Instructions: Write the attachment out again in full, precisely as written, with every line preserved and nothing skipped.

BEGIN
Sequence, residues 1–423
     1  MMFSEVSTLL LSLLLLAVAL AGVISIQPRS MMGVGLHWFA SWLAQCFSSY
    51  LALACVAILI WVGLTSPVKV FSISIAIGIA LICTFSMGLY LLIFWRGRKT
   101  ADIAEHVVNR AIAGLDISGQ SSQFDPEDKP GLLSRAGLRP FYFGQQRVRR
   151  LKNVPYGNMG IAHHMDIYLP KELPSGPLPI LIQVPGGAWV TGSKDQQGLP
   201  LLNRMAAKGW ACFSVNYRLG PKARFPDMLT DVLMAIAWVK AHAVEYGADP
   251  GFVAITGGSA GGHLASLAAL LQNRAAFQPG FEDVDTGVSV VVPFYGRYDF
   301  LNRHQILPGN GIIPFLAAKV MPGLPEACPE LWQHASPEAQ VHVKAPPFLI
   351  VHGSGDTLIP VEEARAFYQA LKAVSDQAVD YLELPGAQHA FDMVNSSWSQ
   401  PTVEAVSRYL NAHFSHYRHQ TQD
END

Sequence, residues 1–423
     1  MMFSEVSTLL LSLLLLAVAL AGVISIQPRS MMGVGLHWFA SWLAQCFSSY
    51  LALACVAILI WVGLTSPVKV FSISIAIGIA LICTFSMGLY LLIFWRGRKT
   101  ADIAEHVVNR AIAGLDISGQ SSQFDPEDKP GLLSRAGLRP FYFGQQRVRR
   151  LKNVPYGNMG IAHHMDIYLP KELPSGPLPI LIQVPGGAWV TGSKDQQGLP
   201  LLNRMAAKGW ACFSVNYRLG PKARFPDMLT DVLMAIAWVK AHAVEYGADP
   251  GFVAITGGSA GGHLASLAAL LQNRAAFQPG FEDVDTGVSV VVPFYGRYDF
   301  LNRHQILPGN GIIPFLAAKV MPGLPEACPE LWQHASPEAQ VHVKAPPFLI
   351  VHGSGDTLIP VEEARAFYQA LKAVSDQAVD YLELPGAQHA FDMVNSSWSQ
   401  PTVEAVSRYL NAHFSHYRHQ TQD